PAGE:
Are My Kids Underweight?

February 12th, 2013 posted by Gwenn Schurgin O'Keeffe, MD, FAAP

by Gwenn Schurgin O’Keeffe, MD, FAAP

Dear Dr. Gwenn,

My children dance and do karate and the instructor noticed my kids looked underweight compared to other kids. She suggested I add more fat to their diet. Should I? Their doctor has never said anything about it. I’m not sure what to do. I have always being an over-weight person, even as a child, so I am very interested in my children’s diets. I’m currently 5’5″ and weight 230 lbs. My husband was short and average growing up but is now 6′ and 200lbs. I have three kids: LG is (female) Age 4: 3’2″ and 34 lbs. (would like to eat constantly) IG is (male) Age 6: 3’8″ and 44 lbs. (is the picky eater) AG is (female) Age 8: 4’2″ and 48 lbs. (is a good eater) I try to serve healthy meals and my children enjoy a lot of healthy things that their peers won’t eat. We consume low fat dairy and slim milk, eat and snack on a variety of cheeses (like brie etc.). They all enjoy yogurt and even ice cream sometimes too. I serve fish twice a week, beans and beef weekly and we eat a lot of veggies, and chicken. I have noticed that AG is smaller then everyone her age but I figured she’ll blossom soon. It’s a challenge as AG can’t find clothes to fit as size 6 it too short and just right around the waist. IG is starting to become that way too. He can’t wear most size 5 yet because of the wide waist. From photos for our families there is nobody who I would call as skinny as my oldest daughter. It may help to know that my niece has been buying slims for years and is now 12 and starting to fill out. Thank you for your help. Signed, D.G.

Dear DG:

Thanks for your question. You are smart to pay attention to your kids’ eating based on your history. Who recommended the added fat? If it was a healthcare professional, you may want to follow that advice. However, consult your pediatrician if the advice were given by a well-intended family member or friend. That said, first you need to compare your kids to standard growth charts to see where they fall. For your kids, there is no concern at all. The reason they all appear slim is that they are appropriate heights and weights. Your pediatrician could review their entire growth curve with you to show you the trend but the points in time you send me show there is no problem:

Growth Curves:

IG age 6 male : 50%ile for weight; just over 25%ile for height LG age 4 female : just under 50%ile for weight; just under 25%ile for height AG age 8 female : between the 10th and 25%ile for weight; just under 50%ile for height Just goes to show that appearances can be deceiving and well-intended lay people can cause concern.

BMI Curves:

Female Male LG has a BMI of 16 which is approximately the 75%ile for age IG has a BMI of 16 which is approximately 50-75%ile for age AG has a BMI of 13.5 which is below the 5th%ile for age On paper, none of your kids are truly over weight or underweight. If anything, you’ll want to watch LG and IG over time to make sure that BMI dues not creep up. For AG, review her diet and make sure she is getting enough of a balance. She may not be underweight at all but could easily gain a few pounds without concern.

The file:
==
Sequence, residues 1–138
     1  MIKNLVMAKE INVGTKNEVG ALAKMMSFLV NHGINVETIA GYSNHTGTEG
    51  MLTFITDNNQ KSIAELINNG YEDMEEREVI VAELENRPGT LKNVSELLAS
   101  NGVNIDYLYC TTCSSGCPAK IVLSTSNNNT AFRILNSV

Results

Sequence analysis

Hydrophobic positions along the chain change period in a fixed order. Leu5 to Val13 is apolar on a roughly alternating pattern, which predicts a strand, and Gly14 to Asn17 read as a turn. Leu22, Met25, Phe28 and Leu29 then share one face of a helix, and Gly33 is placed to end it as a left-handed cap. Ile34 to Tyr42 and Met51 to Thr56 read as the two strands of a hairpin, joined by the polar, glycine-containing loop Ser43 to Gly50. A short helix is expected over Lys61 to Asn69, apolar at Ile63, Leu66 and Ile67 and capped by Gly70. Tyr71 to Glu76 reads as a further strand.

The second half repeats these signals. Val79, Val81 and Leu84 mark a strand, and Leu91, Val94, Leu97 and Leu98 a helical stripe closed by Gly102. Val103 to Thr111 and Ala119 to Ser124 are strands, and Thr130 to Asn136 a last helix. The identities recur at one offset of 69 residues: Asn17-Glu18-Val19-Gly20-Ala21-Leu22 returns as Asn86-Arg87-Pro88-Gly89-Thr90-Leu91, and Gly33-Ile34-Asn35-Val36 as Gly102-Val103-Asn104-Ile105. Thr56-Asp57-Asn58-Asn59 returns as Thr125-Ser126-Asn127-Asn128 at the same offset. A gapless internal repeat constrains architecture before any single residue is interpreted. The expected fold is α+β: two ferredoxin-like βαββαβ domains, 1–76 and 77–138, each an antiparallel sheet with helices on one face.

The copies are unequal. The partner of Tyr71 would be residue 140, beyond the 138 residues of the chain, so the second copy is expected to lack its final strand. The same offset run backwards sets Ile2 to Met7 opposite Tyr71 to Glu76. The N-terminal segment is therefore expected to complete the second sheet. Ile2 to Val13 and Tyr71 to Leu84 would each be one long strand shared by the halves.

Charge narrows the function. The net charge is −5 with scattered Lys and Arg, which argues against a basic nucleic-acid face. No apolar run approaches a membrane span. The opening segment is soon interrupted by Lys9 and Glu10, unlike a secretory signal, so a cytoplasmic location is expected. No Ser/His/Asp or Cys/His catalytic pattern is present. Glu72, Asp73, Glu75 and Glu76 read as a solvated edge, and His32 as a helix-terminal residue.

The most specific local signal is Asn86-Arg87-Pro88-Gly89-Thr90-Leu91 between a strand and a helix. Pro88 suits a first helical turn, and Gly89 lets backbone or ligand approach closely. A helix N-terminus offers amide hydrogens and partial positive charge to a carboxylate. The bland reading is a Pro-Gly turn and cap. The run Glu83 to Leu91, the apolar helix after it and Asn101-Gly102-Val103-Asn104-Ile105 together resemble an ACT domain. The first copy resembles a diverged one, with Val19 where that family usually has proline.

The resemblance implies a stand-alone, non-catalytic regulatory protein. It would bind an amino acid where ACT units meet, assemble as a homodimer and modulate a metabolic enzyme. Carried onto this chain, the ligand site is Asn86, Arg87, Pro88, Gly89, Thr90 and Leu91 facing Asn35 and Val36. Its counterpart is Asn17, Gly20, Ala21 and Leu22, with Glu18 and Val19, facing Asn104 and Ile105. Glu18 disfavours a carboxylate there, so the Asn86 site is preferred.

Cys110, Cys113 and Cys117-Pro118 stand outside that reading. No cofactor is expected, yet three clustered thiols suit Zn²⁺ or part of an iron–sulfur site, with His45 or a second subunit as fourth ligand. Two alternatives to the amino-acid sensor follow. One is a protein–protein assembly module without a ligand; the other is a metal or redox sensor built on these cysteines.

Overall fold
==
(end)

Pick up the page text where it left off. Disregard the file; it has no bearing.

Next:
I’d suggest a few things:


Call your pediatrician and review your concerns and growth parameters with him or her. While I can give you a perspective of today I can not provide you with the trend


Your yoga instructor was certainly well-intended but appearances can be deceiving. Perhaps in the future just smile and don’t pay much attention to comments that don’t fit what your pediatrician has told you.


You and your husband could become outstanding role models for your kids by trying to lose weight. I know this is easier said than done especially since you’ve been struggling with this your entire life. Studies do support that kids learn from their parents. If you are open and honest with your kids about your struggles they won’t internalize the wrong message. Please know I’m not implying they have received the wrong message, just pointing out a potential pitfall.


Shop at stores that carry adjustable waist pants such as Old Navy, LL Bean or the Gap. This is a good example of how well meaning people can get us as parents to worry unnecessarily. If you ever find yourself second guessing yourself or searing on-line for answers, call your pediatrician for a sanity check. Of all the roles that we pediatricians serve for families, that is likely the most important – and what we are here for! Best, Dr. Gwenn © 2005 – 2006 Pediatrics Now. All rights reserved. PEDIATRICS NOW™ is a trademark of Pediatrics Now

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Gwenn Schurgin O'Keeffe, MD, FAAP (36 Posts)

Pediatrician, Dr. Gwenn Schurgin O'Keeffe, MD, is a board-certified pediatrician and Fellow of the American Academy of Pediatrics. Dr. Gwenn is an experienced columnist, educator, and practicing pediatrician. Dr. Gwenn strives to write as if she were talking to a parent. As a parent herself, she knows how important it is to obtain information but also understand how precious little time parents have to find that information on the internet. Pediatrics Now was developed to fill that gap and provide a bridge between the parenting and pediatrics worlds.

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